How to Build an Emergency Kit
In life we never know when we could be faced with an emergency. In the Northwest, we are surrounded by tremendous beauty in our coastal views, beaches and mountains. We are, however, told that a large earthquake could come and wreak havoc on our region and life as we know it. Living on a coast also means that we are at risk for damage and destruction from a Tsunami and with so many mountains nearby we are also at risk for mud slides. Other areas around the United States face emergencies such as hurricanes, tornados, snow storms, and wild fires.
Each type of emergency requires its own plan of action but there are some things that are useful regardless of the type of disaster such as how to get in contact with each other and an emergency kit.
How to Build an Emergency Kit
An emergency kit can be simple and fairly inexpensive; what is important is that you have enough supplies to get you and your family through 7-10 days in less than ideal conditions.
The 5 essential components of an emergency kit:
- Water. You will need 1 gallon per person per day (1/2 for drinking, 1/2 for cooking/sanitation)
- Food. You will need food that is high in fat and calories and that has a long shelf life. Meal replacement (protein) bars, canned foods, and packaged foods that don’t need to be cooked such as beef jerky.
- Light Source. Candles are a fire risk so they should be avoided. Safe-light options such as battery powered or hand-crank flashlights, lanterns, or light sticks are all good options. Be sure to pack batteries.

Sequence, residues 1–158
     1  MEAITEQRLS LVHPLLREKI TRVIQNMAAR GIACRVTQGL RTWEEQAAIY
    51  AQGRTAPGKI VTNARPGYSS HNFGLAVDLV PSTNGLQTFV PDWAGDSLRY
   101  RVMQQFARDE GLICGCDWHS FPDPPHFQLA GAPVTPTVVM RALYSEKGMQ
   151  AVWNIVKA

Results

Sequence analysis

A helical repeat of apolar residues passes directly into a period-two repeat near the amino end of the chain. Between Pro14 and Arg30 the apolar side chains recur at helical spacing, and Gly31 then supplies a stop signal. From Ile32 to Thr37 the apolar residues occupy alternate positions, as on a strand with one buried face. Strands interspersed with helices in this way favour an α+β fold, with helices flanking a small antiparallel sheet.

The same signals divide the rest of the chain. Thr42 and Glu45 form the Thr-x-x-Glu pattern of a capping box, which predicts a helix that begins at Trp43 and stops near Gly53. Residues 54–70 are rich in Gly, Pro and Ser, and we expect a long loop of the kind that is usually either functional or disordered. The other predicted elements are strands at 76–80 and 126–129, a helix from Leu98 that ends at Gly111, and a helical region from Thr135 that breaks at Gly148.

- Warm and Dry Clothes. Each family member should have at least one change of clothing. Pack a waterproof layer or synthetic clothing that wicks water away from the body; know that if you do get wet it is important to get dry as quickly as possible because moisture pulls heat away from your body. Extra blankets and a tarp are also a good idea.
- First Aid Kit. Include items for minor cuts and injuries such as bandages, pain-relief medication, scissors, gauze pads, medical tape, and antiseptic wipes. Be sure to include medications and/or equipment specific to your medical needs.
Bonus Items: Basic sanitation supplies, a radio, paper and pens.
Keep Your Car in Good Running Condition
You never know when you could end up stuck in a natural disaster. Make sure that your car is in good running condition, especially if you live in an area that reaches very hot or very cold temperatures.
- Brakes should be in good condition
- Antifreeze should be topped up and tested to negative 15 degrees
- Working seatbelts for everyone in the vehicle
- Full tank of gas
- Working windshield wiper blades
- All lights working including brakes, headlights and taillights
- Oil clean and at proper level
- Tires with good tread/appropriate for season
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